It starts with a downbeat. Then there are the dissonant piano chords, the 808s and dramatic strings. The theme music for the HBO critical darling Succession has already become a classic of the form. The show, now in its second season, is a prestige drama that combines dry, cutting dialogue with a sharp critique of wealth and power. But beyond the acting, writing and noteworthy set locations, what helps Succession stand out is that distinctive theme, by Academy Award-nominated composer, pianist and producer Nicholas Britell, which soundtracks the opening credits over a grainy film montage of the central Roy family’s earlier years. The music adds gravitas to this home-video compilation, setting the scene for the family drama about to unfold.
someday the Succession theme song will stop playing in my head, right?
— Nina Jack (@ncjack) August 30, 2019
*Succession theme starts to play as I enthusiastically greet a person who’s been trying to subtly insult me for years*
— Dan Sheehan (@ItsDanSheehan) August 30, 2019
When the Succession music kicks in pic.twitter.com/GxYglWSo5k
— Taylor DeVita (@50ShadezOfTay) August 26, 2019
I never lie. pic.twitter.com/WJ6G7L6slu
— Shaker Samman (@ShakerSamman) August 27, 2019
To understand how — and why — the score has become a cult-favorite composition that may just go down in TV history, in the vein of those from Game of Thrones and Mad Men, TIME turned to former film and TV composer Drew Silverstein, who co-founded the music AI startup Amper Music, and music theorist, psychologist and lecturer Stefanie Acevedo. Britell has uncannily captured Succession’s deranged reality in a fresh and original way, says Silverstein, sonically encapsulating the show’s themes.
Britell is known for his distinctive film scores: he’s behind the sound of movies like The Big Short, Moonlight and If Beale Street Could Talk. That established background may have provided him important creative leeway. Often, TV and film music is initially filled in with what’s called a “temp track,” a placeholder that a composer will then re-produce in what Silverstein calls a “paint-by-numbers” approach. But Succession has none of that sense of reproduction. “It’s a composer’s most ideal situation, because you get to come up with the creative landscape. You’re not just a line cook, you’re a chef,” he speculates of Britell’s approach. The result: theme music that sounds different, and therefore more memorable.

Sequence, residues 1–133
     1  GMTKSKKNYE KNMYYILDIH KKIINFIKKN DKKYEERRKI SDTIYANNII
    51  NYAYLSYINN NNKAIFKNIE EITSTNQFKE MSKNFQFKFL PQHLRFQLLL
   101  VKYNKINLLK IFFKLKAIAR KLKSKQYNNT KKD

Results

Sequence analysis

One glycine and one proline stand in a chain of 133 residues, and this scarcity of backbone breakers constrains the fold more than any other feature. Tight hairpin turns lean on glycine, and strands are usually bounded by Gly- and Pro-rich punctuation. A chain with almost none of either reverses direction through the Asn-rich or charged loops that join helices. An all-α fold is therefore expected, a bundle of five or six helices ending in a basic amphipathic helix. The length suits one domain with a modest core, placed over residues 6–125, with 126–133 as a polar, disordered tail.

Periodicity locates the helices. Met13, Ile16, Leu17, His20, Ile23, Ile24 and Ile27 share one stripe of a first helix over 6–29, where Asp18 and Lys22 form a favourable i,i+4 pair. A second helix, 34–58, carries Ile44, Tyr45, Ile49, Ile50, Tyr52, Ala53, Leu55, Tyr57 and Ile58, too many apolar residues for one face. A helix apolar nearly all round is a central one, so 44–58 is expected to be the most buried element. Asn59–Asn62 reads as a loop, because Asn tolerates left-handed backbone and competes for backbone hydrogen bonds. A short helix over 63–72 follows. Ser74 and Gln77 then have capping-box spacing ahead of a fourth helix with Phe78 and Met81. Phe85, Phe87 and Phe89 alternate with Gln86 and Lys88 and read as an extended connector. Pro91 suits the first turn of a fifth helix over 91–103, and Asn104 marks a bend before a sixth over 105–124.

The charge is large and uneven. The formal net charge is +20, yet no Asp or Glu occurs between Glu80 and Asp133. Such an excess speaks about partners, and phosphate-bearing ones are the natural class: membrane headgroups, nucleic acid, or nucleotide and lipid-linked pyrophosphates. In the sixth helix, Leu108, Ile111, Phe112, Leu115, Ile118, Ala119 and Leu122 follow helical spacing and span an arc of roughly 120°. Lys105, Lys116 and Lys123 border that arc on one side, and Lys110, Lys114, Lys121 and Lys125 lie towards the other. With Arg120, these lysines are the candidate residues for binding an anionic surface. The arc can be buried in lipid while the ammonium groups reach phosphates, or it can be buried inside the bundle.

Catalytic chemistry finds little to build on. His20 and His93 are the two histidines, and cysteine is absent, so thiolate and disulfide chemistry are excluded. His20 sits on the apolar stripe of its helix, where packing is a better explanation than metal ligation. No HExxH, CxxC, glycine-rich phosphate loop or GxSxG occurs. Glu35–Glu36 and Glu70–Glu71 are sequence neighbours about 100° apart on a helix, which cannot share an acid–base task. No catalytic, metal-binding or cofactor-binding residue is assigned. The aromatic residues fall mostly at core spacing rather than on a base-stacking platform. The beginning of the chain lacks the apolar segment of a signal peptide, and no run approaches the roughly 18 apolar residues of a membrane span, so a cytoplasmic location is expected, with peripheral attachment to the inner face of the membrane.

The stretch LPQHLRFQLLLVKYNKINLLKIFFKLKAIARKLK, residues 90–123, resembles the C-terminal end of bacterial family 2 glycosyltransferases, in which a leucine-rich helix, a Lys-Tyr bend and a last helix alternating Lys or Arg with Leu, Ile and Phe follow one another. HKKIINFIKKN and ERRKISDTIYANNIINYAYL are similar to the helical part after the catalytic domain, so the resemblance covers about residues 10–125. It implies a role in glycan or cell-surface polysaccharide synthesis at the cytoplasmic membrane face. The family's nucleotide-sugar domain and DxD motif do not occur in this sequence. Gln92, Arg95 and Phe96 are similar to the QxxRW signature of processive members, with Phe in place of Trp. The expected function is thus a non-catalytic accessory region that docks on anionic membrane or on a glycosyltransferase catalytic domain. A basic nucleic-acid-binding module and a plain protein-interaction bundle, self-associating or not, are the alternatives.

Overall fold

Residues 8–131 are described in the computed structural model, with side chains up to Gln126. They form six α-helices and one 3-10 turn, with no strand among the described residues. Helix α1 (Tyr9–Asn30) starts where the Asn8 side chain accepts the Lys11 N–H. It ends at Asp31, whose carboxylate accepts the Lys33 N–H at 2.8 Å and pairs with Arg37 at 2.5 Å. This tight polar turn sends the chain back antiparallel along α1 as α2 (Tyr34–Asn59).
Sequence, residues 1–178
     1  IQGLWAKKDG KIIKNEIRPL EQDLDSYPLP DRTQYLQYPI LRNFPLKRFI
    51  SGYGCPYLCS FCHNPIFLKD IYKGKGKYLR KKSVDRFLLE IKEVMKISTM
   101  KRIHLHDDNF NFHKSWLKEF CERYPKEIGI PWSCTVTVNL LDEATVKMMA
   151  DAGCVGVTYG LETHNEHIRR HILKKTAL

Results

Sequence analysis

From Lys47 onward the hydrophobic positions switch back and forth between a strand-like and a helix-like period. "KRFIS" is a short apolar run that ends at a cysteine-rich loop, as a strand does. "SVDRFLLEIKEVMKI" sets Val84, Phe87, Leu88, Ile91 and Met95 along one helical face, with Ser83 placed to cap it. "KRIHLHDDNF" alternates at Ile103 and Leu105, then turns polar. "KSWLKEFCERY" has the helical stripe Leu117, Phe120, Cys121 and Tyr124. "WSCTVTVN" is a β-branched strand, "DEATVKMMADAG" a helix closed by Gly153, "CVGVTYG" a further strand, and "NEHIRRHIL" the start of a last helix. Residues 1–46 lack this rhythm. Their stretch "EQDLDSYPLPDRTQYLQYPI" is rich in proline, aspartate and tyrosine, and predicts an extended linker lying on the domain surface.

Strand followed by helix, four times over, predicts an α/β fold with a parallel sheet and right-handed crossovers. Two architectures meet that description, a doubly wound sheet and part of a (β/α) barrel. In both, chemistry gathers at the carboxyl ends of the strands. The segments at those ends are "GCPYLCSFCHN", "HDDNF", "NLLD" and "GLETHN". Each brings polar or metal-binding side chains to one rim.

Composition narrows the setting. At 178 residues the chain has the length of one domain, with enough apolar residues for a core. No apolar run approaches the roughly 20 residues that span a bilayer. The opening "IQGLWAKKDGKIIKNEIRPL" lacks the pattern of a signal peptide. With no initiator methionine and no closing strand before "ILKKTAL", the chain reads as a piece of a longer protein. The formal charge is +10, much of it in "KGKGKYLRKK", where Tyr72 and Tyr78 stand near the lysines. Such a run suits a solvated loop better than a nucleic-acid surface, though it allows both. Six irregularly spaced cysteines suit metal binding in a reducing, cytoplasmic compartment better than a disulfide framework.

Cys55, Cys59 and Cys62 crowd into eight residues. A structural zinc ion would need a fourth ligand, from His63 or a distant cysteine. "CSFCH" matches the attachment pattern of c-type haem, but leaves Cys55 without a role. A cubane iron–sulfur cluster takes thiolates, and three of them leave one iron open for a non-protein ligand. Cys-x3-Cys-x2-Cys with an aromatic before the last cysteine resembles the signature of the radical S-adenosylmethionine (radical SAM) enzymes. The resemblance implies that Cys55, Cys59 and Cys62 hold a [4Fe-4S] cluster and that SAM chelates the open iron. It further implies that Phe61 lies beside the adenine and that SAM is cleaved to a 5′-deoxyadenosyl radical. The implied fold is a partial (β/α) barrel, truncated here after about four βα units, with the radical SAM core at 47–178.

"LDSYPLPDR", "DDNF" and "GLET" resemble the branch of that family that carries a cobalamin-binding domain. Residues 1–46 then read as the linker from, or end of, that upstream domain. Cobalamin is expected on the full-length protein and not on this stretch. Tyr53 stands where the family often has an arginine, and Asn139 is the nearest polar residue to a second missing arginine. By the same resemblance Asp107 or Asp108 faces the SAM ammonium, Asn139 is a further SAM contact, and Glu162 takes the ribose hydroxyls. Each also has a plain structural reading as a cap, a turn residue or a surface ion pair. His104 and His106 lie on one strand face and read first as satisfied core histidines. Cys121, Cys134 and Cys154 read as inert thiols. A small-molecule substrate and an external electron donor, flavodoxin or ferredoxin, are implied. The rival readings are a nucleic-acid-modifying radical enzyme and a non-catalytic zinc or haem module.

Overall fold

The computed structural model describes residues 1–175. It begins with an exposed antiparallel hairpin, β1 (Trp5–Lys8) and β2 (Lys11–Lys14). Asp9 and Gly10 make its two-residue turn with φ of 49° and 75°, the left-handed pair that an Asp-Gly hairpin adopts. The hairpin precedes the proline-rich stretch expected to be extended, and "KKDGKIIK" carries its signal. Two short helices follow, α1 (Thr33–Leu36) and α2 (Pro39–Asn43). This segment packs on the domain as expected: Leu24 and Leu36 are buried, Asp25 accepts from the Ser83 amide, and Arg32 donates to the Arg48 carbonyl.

Then there’s the structure and sonic texture of the music itself. The theme mixes Britell’s expertise in classical composition with his background making hip-hop beats, layering the two styles. Silverstein calls out the 808s (a popular drum machine sound), detuned piano (piano intentionally made to sound out-of-tune), audio-processing filters (more technical composition tools) and “gritty” strings that all come together in a way that’s “not as sweet and glossy as you might get in other soaring themes.” This is no Downton Abbey, gilding an image of a genteel patrician family, but rather something less polished and pleasant, reflecting the nastiness of the Roy family dynamics.
The score is for strings, piano, and a distorted bass line, as Acevedo explains, breaking it down: The piano, played in a high register, adds a sense of “urgency or tension,” she says. This main melody is in a minor key punctuated by dissonant chords; some of the piano keys are even struck out of sync, producing a “messy” sound. The use of “extreme registers” on the piano—that’s the big contrast between the high and low notes—and Britell’s distortion of the bass line “rock the foundation of the theme,” she says, signaling drama. There are also two string layers at play: a “low ostinato” pattern (a repetitive musical phrase) gives the theme forward momentum, coupled with high strings that echo the piano motif with a “very raw, shrill, almost out-of-control tone.” “Nick has done a really good job of not only making a powerful score and theme, but also staking out a unique sound,” Silverstein adds.
It also matters that the music matches—and elevates—the experience of watching the show. In TV shows, the music becomes its own kind of recurring character, with themes that are expanded and adjusted as needed to match the tone of each scene over the course of many episodes. But in Succession, where the theme pops up as part of the score throughout episodes, Britell plays it “straight.” In other words, the score subverts expectations and leaves it up to viewers to determine a scene’s mood or subtext. “You’re not just getting the easy thing,” Silverstein says. Unlike sit-coms with clear audio cues or Marvel movies with big, bombastic musical moments, the Succession score refrains from providing a meta-commentary. That also adds to the documentary-style realism of the show. “It’s meant to draw you into the reality that exists,” Silverstein suggests. “It’s relatable enough that we’re like, ‘Oh wow, that’s our world, not a Disney movie in some imaginary world.'”
That realism clearly resonates with Succession fans; the main theme has already racked up more Spotify streams than Britell’s top composition from If Beale Street Could Talk, whose score received an Oscar nomination, and fans can’t get enough. Silverstein thinks this theme will kick off a trend, now that it’s struck such a note with audiences. “You’ll start hearing other shows and movies having similar types of music,” he predicts.